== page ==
Now consider a freight train. The typical car weight 25-30 tons empty and can carry between 70 and 120 tons of cargo. This means that 70-80% of the fuel in a freight train is being used to move the cargo.
The relatively longer distances in the US compared to Europe are also another reason why rail freight in the US wins out over rail freight in Europe (time isn't as much of an issue for freight compared to rail), and why passenger rail in Europe wins out over passenger rail in the US.
Why People Don't Use Mass Transit
Europe Leads The Way
Europeans use mass transit far more than Americans because of the high population density, and dense and long-established transit systems. So how transit-friendly is Europe?
A Eurail Select Pass for five countries and ten days of rail travel is $748. That's $1500 for two people. I found a Volkswagen Passat (midsize) for ten days for $672. Toss in another $400 for gas and it's $1072. You do the math.
Having politicians in charge of funding any rail project is insanity. They divert funds from highway use to fund their pet projects from rail to bike paths to hiking paths and complain they need to raise gas taxes. It's bad enough they can screw up highway projects like the Boston Big Dig that was overpriced, underperformed and corrupt. The best solution to serve local transportation is to discontinue the federal gas tax and transfer that tax to the states to determine their own transport needs. Get the feds out of transportation and let the states and private enterprise tackle the problem.
The reason that high-speed rail never succeeded in America is that the manufacturers and operators of our commercial air fleet are so heavily subsidized. Companies like Boeing receive billions of dollars; so do airlines like Southwest. But these subsidies are kept secret, so that Congress won't be charged with political favoritism. Yes, I know. The government claims that it doesn't subsidize our aircraft manufacturers. That's a lie. You wouldn't believe how much money these companies receive. So with such a huge investment in aircraft, it's difficult to justify the additional expense of a competing form of transportation. In Japan, this has created a strange situation. The price of a rail-ticket from Tokyo to Osaka is higher than the cost of an air-ticket. So it doesn't even make sense to use the Bullet Train. Japan is also addicted to subsidies.
And then there is another issue. Everybody knows that Uber is used for getting around town. There's another company called "Blah Blah Car" blablacar.com which arranges long-distance ride sharing. But it's services are illegal in America, because it would put Greyhound out of business, and destroy future rail projects, and compete with the airlines. (So much for free enterprise.)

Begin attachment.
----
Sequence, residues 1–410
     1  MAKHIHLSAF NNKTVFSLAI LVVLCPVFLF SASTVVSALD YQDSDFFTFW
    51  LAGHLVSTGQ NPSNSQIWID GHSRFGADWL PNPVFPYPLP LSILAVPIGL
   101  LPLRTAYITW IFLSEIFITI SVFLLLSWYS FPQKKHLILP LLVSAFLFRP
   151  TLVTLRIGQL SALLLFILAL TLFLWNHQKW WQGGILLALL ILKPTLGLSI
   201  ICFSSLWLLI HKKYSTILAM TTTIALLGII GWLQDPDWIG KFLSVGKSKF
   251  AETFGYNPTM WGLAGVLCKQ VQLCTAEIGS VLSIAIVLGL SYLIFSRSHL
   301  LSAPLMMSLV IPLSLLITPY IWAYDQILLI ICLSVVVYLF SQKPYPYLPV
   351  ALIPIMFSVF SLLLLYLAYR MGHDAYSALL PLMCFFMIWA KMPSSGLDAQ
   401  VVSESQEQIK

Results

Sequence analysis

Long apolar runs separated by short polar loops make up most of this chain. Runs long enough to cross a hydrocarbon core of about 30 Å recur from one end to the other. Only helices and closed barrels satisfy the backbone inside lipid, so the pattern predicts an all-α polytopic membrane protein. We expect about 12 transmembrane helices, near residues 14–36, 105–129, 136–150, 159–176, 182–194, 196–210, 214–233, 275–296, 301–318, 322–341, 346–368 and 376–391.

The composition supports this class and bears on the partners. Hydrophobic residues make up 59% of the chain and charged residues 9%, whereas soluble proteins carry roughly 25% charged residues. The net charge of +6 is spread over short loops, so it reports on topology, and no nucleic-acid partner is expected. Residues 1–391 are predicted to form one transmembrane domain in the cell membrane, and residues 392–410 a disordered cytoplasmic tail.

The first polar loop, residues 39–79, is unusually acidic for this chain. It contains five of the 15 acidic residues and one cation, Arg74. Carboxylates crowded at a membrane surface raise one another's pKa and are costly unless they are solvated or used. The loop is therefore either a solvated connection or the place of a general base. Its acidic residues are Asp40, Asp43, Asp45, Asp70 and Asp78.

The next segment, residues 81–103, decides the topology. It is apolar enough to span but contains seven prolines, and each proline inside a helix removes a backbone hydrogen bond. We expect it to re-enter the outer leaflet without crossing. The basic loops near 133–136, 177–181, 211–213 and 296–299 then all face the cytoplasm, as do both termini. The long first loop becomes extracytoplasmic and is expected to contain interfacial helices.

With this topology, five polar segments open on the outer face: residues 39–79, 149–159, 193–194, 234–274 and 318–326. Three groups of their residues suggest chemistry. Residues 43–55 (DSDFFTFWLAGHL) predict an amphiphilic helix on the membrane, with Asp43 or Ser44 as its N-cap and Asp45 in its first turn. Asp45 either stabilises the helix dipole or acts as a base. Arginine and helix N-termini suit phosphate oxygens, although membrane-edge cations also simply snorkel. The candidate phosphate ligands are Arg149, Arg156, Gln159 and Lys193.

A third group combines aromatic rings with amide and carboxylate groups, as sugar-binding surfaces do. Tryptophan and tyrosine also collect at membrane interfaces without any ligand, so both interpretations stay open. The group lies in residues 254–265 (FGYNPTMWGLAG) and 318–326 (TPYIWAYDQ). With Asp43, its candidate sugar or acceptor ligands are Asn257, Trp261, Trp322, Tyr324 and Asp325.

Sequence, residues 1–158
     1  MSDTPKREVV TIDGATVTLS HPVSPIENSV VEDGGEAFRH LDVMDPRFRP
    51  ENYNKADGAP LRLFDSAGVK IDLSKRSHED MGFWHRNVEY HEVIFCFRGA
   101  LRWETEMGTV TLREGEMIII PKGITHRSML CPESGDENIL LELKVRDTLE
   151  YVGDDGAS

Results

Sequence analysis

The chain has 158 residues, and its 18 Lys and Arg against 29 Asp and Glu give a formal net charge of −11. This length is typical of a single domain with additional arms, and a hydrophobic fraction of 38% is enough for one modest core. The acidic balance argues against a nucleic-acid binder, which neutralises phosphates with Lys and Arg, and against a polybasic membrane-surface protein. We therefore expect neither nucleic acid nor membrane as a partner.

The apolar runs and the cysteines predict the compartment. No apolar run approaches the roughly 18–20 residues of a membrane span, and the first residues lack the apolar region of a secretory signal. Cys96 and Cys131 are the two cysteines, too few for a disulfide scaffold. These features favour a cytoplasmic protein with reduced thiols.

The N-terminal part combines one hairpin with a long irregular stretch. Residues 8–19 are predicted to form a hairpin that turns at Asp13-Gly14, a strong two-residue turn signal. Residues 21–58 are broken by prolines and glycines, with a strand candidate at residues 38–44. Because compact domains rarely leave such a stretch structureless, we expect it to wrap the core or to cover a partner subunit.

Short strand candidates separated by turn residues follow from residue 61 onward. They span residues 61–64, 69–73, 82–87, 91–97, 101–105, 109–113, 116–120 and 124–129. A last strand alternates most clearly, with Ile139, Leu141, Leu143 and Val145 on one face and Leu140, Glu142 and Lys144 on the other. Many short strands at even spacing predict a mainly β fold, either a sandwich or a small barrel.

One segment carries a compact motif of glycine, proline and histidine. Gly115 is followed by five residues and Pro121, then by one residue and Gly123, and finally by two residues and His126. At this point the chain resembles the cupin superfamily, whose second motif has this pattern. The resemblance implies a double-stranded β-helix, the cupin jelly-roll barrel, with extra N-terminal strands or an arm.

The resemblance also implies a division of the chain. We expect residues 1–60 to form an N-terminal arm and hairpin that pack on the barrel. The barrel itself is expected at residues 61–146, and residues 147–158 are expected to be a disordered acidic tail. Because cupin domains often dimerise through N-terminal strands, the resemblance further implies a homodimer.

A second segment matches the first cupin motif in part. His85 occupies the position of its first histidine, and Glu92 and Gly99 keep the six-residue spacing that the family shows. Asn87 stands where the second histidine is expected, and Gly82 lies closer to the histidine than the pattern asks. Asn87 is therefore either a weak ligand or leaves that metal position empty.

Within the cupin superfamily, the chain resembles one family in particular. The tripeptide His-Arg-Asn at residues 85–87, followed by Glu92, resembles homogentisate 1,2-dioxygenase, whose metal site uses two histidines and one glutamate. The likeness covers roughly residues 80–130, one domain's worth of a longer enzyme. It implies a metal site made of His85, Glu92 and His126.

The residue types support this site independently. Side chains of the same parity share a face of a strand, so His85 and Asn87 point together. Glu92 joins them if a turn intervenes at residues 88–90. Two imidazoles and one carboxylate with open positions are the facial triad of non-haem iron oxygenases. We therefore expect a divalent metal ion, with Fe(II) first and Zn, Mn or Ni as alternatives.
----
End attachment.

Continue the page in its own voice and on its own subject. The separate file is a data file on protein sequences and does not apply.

I doesn't matter if America gets any high speed trains. Actually, we don't need them anyway. The country is currently full of people who are constantly moving; that creates an atomized society. We need to change American culture, so that people are more happy to stay where they are. There's no reason that kids should move thousands of miles away.
Do you think that everything works by conspiracy? Is there nothing that is what it seems, or is the secret explanation always the correct one?
The reason that high-speed rail never succeeded in America is that the manufacturers and operators of our commercial air fleet are so heavily subsidized.
You might want to check into California's high speed rail to nowhere. Lots of money going into that rathole.
THE primary reason that Americans don't take passenger trains and don't loudly demand high speed rail is this: UNIONS. UNIONS have mandated that the design of every passenger train service be so designed that there are no "clean and quiet cars". NOPE we all gotta get in there with the low life and appreciate the experience. Not many people with corporate jobs and long tiring commutes are willing to spend their mornings and evenings sitting next to some yahoo with his head set blaring and his unwashed clothing stinking like crazy. BUT, it would be racist to design passenger cars that charge more for a clean environment with well designed seats and services. EUROPE does have those cars on nearly every train. People with jobs pay more money to sit comfortably and quietly and CLEANLY. Americans can't have that option because it would be racist, or something. HOWEVER, those higher priced cars charge higher rates for tickets and people will use those services and PAY for those services whenever we make them available--just like they do in Europe!!